Sen. Elizabeth Warren (D-MA) blasted former New York City Mayor Michael Bloomberg as the distinctions between a smaller field of 2020 candidates sharpen.
The Massachusetts senator was interviewed on MSNBC’s “The Last Word” by host Lawrence O’Donnell.
O’Donnell asked Warren about comments by Bloomberg that suggested the end of housing redlining — the illegal practice of racial discrimination by banks — was responsible for the Great Recession.
The host played the recently unearthed clip of Bloomberg’s comments and asked Warren to respond.
“What the mayor is really saying is that this crisis could have been averted if the banks had just been able to discriminate against black and brown people more,” Warren said.
“Let’s be clear, that would not have averted the crisis and anybody who thinks that the banks should have been allowed to be more racist should not be the leader of our party,” she blasted.
Warren also criticized the billionaire candidate’s unprecedented self-funding of his presidential bid.
“This is the problem of a billionaire who thinks the way he is going to be elected is he will buy an election,” Warren said. “I think the way that the Democrats ought to be picking their candidate is through the grassroots, I think funding is a big part of this.”
“When you can reach in your own pocket and throw a few hundred million on the table and start buying your way to a nomination, it’s a kind of different perspective than if you are doing it from the grassroots up,” she explained.
“Part of your credibility — or lack of credibility — is your record,” Warren noted. “Everybody brings their record along with them.”
“Somebody who thinks that redlining was sure a good deal for the banks, to me just kind of has the wrong perspective on the whole deal, because understand this about redlining: What happened in America was that the federal government subsidized the purchase of housing because it helps build wealth,” she explained. “They did it for decades — for white people. And they discriminated against black people. And it helped create a racial wealth gap that persists until this day.”
Bernie Sanders urged to end 2020 bid — by his own campaign manager and longtime strategist: Washington Post
Vermont independent Senator Bernie Sanders is receiving advice to quickly exit the 2020 presidential campaign, The Washington Post reported Saturday.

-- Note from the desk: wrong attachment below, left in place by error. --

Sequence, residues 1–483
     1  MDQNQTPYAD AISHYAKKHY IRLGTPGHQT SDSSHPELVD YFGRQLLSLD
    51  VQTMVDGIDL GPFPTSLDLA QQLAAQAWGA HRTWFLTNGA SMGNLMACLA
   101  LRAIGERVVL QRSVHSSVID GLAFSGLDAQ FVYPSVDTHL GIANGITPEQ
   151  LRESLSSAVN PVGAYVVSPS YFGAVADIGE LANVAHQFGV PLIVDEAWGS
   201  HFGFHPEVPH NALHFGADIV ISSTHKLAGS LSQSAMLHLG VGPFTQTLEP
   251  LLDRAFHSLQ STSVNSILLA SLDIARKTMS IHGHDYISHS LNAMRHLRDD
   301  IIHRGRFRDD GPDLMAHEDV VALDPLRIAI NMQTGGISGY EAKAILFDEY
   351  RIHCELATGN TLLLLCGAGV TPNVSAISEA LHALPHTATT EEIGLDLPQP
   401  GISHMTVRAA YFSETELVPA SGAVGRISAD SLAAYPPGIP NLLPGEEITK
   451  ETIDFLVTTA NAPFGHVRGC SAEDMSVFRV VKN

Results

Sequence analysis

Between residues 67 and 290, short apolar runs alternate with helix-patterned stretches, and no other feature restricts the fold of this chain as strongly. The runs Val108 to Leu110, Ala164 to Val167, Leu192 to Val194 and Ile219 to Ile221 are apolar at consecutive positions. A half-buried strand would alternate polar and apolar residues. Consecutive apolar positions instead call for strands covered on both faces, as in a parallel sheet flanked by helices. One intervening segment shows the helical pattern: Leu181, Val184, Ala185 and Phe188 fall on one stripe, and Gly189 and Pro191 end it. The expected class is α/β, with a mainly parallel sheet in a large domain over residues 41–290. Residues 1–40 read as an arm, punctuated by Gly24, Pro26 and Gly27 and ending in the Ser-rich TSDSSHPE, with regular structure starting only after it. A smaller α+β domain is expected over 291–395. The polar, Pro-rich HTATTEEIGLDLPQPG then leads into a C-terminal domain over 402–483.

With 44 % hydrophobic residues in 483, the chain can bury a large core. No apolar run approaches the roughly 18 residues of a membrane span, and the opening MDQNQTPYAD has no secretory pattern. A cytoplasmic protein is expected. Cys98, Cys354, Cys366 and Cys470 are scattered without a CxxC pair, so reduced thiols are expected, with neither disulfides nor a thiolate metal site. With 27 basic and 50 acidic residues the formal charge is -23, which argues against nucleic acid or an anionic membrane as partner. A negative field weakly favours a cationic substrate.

"A small group of Bernie Sanders’s top aides and allies — including his campaign manager and his longtime strategist — have encouraged the independent senator from Vermont to consider withdrawing from the presidential race," the newspaper reported, citing "two people with knowledge of the situation."
Trump appears to have fraudulently manipulated financial markets yet again
Welcome to another edition of What Fresh Hell?, Raw Story’s roundup of news items that might have become controversies under another regime, but got buried – or were at least under-appreciated – due to the daily firehose of political pratfalls, unhinged tweet storms and other sundry embarrassments coming out of the current White House.
It was a busy week for the regime, as Trump and his team work tirelessly to manage the political fallout from the COVID-19 pandemic, but it seems like he made time for some fraud.
In March, global oil prices crashed as a result of a dispute between Russia and the Saudis, dragging down stock markets and making it unprofitable to extract shale oil, which accounts for almost two-thirds of crude oil production in the U.S.
How a general strike might play out in the United States
The idea that pandemic-related economic insecurity might spur a general strike has been trending among pundits and the public in the past week. Such a labor action, which would imply a complete shutdown of all industries as all workers cease showing up to work, would be historically unprecedented, a prominent historian told Salon.
This article first appeared in Salon.